Ischemic etiopathogenesis as the possible origin of post-double baloon enteroscopy pancreatitis. A porcine model study
Revista Espanola de Enfermedades Digestivas
The aim is to evaluate the pancreatic vascular-ischemic effects related to double balloon enteroscopy in the porcine model as a possible etiopathogenesis of post-enteroscopic pancreatitis. For this reason we carry out two independent experiments in a porcine animal model. In the first arm protocol (group I), 10 animals underwent 90 minutes of oral enteroscopy with 7 days follow-up.The levels of amylase, lipase and C-reactive protein were measured at T0 basal-T1 -90 min, T2-24, T3-7 days. Also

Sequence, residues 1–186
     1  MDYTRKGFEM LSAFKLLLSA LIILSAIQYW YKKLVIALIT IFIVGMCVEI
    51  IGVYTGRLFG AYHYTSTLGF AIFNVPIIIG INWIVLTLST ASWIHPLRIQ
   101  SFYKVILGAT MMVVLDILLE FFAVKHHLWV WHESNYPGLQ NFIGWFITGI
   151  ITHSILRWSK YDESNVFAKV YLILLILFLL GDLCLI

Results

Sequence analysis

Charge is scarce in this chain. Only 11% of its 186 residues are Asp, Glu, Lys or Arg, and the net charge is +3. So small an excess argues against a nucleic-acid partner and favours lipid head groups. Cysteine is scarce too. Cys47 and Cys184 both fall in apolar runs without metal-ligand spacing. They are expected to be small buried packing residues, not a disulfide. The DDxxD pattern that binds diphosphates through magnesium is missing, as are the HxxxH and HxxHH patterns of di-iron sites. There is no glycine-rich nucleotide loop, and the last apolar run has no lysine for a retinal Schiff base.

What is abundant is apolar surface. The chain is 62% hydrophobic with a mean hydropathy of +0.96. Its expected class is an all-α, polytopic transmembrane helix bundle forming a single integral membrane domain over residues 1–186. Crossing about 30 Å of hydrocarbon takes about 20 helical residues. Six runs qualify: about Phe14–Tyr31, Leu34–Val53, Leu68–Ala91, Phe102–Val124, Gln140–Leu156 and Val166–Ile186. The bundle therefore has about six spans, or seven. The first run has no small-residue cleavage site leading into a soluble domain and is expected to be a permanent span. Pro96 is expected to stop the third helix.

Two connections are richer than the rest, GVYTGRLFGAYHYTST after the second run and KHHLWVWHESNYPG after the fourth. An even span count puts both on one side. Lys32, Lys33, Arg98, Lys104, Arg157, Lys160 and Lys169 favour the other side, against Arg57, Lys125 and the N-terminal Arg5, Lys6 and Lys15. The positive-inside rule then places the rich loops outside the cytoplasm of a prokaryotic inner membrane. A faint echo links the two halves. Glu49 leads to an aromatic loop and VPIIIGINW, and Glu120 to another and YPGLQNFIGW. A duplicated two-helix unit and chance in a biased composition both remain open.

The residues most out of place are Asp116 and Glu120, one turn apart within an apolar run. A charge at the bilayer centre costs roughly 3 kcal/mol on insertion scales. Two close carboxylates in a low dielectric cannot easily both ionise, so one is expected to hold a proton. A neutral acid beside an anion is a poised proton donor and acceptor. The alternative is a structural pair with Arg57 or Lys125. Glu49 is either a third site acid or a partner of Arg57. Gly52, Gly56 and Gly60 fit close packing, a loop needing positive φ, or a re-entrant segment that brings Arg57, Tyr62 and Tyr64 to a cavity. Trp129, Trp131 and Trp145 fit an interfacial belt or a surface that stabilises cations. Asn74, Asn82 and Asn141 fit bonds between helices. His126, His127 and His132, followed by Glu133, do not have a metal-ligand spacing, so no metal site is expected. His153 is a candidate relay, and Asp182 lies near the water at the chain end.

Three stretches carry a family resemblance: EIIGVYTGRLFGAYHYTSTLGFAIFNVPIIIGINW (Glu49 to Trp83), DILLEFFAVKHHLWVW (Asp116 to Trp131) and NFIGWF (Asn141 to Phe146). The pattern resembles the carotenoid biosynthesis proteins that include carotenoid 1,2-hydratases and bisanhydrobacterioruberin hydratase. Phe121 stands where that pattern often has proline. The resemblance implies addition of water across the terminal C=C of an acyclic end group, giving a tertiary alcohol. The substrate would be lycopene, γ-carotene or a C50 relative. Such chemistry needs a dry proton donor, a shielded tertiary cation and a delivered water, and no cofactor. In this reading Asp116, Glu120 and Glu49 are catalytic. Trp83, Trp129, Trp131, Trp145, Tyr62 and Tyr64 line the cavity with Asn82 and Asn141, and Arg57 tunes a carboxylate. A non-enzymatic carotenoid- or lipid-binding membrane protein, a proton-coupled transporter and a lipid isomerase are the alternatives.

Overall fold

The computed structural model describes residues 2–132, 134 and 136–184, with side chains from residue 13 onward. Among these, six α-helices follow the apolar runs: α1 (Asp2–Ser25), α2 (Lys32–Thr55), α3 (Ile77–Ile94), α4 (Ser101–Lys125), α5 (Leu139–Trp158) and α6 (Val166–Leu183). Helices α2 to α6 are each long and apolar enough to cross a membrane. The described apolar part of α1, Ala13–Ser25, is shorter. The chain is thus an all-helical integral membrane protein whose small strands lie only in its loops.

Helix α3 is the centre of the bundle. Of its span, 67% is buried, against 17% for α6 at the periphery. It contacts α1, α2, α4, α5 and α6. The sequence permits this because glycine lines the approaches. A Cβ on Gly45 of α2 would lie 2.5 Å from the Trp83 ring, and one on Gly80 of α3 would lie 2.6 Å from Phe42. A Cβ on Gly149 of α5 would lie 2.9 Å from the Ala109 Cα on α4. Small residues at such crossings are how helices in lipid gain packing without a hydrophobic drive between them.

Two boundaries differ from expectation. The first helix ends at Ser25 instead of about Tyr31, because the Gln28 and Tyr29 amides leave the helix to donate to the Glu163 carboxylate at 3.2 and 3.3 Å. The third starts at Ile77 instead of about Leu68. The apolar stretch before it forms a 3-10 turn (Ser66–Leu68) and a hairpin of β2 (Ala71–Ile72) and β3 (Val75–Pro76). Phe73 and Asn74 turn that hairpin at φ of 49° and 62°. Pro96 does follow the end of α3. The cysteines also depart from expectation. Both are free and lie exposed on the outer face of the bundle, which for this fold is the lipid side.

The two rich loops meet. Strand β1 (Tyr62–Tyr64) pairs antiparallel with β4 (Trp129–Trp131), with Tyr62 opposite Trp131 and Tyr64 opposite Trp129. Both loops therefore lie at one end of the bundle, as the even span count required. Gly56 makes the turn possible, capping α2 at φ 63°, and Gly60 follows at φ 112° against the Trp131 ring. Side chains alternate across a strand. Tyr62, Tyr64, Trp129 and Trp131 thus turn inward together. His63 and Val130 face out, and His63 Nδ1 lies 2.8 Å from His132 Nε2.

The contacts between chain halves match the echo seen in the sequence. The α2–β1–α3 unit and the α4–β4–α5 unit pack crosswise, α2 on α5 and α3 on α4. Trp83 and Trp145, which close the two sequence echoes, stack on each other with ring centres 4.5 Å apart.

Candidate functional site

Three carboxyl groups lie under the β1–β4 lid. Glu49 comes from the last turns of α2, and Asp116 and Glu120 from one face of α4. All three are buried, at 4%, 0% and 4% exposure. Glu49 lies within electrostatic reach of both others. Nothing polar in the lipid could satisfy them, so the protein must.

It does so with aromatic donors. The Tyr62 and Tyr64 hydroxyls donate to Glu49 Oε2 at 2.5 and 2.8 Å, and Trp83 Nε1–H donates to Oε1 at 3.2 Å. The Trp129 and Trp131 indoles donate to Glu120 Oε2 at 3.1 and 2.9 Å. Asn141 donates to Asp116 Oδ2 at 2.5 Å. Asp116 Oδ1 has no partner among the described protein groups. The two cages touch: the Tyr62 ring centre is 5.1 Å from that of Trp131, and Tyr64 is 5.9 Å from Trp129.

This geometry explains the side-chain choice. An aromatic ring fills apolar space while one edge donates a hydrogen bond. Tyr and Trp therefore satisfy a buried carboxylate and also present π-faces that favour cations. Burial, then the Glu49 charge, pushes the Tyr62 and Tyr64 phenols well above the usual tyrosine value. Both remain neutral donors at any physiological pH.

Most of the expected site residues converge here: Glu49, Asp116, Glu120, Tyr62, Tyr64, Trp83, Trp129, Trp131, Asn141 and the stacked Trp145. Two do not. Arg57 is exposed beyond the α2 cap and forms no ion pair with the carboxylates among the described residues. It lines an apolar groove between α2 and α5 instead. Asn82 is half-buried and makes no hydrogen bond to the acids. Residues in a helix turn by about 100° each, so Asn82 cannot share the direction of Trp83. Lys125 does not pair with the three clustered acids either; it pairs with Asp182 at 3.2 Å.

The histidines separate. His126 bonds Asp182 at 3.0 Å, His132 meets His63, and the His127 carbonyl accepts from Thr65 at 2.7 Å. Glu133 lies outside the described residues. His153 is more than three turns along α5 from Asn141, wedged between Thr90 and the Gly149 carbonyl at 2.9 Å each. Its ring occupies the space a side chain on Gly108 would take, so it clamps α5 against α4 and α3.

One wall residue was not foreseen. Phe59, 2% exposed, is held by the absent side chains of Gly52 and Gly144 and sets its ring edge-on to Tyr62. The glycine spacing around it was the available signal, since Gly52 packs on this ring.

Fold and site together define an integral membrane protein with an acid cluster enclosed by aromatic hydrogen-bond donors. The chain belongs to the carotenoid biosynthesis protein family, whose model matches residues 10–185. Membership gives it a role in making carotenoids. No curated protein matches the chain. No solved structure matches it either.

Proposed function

... , T3-7 days. Also we perform upper gastrointestinal endoscopy in a control group. At 7 days, the animals of experimental protocol-I had their pancreases removed for a pathological and immunohistochemical study to evaluate vascular epithelial growth factor (VEGF) expression.The second experimental protocol in this study aims to evaluate possible changes in vascular topography due to the double balloon enteroscopy (DBE). Group-II (10 animals) underwent oral enteroscopy and selective angiography of the cranial mesenteric artery and celiac trunk. None of the group I or control group animals presented pancreatitis, although the biochemical results for group-I showed increases in the levels of amylase, lipase and C reactive protein at 24 hours. The microscopic study for group-I showed pancreatic necrotic foci and positive VEGF expression, though these changes were not expressed in the control group.These foci were found in 50% of the group I animals and in relation to the total of the parenchyma were quantified at 6% of the pancreas. The results for group-II showed that the enteroscopy caused mobilization of the mesenteric vascular axis, with signs of both intestinal and pancreatic hypoperfusion. The conclusions of this study are that, after enteroscopy in the porcine model, pancreatic necrotic foci are produced, in addition to ischemic phenomena causing VEGF expression. This could be related to episodes of visceral hypoperfusion caused by vascular alterations on a topographic level. This can be related to the possible ischemic etiopathogenesis described for post-enteroscopic pancreatitis.